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A worker leaves the AstraZeneca research facility in Loughborough,

British drug maker AstraZeneca is closing its Montreal research centre as part of a global move to cut costs and improve its productivity as it warned of a tough year ahead.

The move will impact 132 full-time employees at the facility in the St. Laurent suburb, or nearly 17 per cent of its Canadian work force of 800.

The facility is one of the company's main neuroscience sites focused on the discovery and development of new medicines to treat neuropathic pain.

"As one of Canada's leading research-based pharmaceutical companies, AstraZeneca Canada remains committed to having an important presence in Quebec and Canada, and will continue to invest in key research and health-care partnerships," the subsidiary based in Mississauga, stated in a news release.

It wasn't immediately clear if jobs are being cut in other Canadian locations.

AstraZeneca is just the latest drug manufacturer to cut jobs in the Montreal area. French pharmaceutical company Sanofi-Aventis laid off 100 workers last month at its R&D centre in Laval.

Johnson & Johnson also announced the closure of its research centre and the layoff of 126 workers.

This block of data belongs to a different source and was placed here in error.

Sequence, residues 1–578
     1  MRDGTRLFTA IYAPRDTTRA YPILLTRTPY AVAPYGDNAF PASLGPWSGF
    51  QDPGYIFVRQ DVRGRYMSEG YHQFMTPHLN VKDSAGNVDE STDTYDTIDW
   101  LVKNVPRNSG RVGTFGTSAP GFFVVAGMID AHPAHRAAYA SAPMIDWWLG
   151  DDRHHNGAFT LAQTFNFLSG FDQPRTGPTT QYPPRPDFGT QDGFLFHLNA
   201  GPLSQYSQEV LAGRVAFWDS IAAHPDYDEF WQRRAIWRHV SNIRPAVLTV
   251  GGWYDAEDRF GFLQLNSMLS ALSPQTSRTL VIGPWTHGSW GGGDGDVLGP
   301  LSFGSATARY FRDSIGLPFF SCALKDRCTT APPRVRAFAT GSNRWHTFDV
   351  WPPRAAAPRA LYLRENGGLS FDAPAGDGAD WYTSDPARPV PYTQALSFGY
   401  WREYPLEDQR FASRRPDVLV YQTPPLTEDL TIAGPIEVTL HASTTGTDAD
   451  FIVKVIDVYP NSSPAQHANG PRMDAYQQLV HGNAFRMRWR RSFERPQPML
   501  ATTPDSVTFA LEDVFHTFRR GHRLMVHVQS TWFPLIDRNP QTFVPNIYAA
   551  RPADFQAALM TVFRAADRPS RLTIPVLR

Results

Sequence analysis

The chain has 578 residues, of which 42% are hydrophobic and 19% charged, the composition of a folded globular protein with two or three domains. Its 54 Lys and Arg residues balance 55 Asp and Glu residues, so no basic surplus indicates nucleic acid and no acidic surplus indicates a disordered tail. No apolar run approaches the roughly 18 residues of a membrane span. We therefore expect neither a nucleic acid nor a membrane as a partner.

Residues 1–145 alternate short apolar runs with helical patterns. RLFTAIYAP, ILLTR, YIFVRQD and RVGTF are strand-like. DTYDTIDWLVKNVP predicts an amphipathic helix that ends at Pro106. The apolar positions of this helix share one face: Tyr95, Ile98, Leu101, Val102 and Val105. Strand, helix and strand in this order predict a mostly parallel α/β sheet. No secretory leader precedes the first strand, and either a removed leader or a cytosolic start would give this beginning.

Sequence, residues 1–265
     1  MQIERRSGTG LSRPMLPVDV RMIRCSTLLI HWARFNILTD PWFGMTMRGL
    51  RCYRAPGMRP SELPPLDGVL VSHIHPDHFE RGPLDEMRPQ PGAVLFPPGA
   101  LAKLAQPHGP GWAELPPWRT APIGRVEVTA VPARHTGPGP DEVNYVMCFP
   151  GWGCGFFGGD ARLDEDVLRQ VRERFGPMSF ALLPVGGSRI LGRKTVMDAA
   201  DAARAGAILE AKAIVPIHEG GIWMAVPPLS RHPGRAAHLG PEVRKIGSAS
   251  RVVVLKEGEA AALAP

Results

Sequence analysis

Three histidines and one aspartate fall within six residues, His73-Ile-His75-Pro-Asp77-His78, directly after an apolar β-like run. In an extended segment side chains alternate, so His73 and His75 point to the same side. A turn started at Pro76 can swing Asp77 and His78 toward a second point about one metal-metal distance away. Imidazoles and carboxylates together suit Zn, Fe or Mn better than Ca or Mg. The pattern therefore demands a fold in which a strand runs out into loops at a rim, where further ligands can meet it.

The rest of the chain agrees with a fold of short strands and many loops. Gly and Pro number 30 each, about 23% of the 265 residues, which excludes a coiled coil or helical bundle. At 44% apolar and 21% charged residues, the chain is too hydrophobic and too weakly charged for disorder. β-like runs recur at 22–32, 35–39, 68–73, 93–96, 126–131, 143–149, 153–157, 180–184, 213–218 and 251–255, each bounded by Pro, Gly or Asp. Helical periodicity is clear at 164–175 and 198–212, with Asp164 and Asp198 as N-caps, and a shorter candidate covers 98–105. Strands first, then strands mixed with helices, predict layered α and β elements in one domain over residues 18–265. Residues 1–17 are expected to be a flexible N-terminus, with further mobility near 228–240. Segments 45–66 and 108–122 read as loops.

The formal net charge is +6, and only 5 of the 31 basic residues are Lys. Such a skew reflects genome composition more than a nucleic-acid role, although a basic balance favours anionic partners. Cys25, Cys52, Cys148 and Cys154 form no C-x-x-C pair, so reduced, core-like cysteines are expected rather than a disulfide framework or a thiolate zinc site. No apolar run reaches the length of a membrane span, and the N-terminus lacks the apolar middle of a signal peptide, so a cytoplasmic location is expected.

London-based Astra Zeneca is reducing its global work force by 7,300, including 1,800 at 14 research and development sites around the world.

Among those being cut is about 24 per cent of its U.S. sales force, or 1,150 employees.

It will also stop R&D activities at its sites in Sodertalje, Sweden, where there is a focus on neuroscience research.

The company is creating a new virtual Neuroscience Innovative Medicines organization in Boston and Cambridge, U.K..

The Anglo-Swedish company said Thursday its full-year profit was $10 billion (U.S.), up from $8.1 billion a year earlier. The profit advance was helped heavily by a $1.5 billion gain from the sale of its dental subsidiary, Astra Tech.

The company said revenue this year will be hit by government interventions on prices, generic competition and the loss of exclusivity for Seroquel IR, a drug for the treatment of depression, and hypertension drug Atacand in global markets.

A more detailed look at the earnings shows that generics cut revenue by $2 billion in 2011 while price interventions cost another $1 billion.

Despite its concerns over the year ahead, AstraZeneca raised its full-year dividend by 10 per cent to $2.80 a share, and announced a $4.5 billion share buyback program.

The company reported double-digit sales gains for cholesterol drug Crestor, Symbicort for asthma and Seroquel XR.

U.S. revenue was up 5 per cent despite the negative impact of health-care reform, while revenue in the rest of the world was down three per cent, including a 15 per cent slide in Europe.

"The results contained a boost from the announcement of a new restructuring program involving some 7,300 positions," said Savvas Neophytou, analyst at Panmure Gordon.

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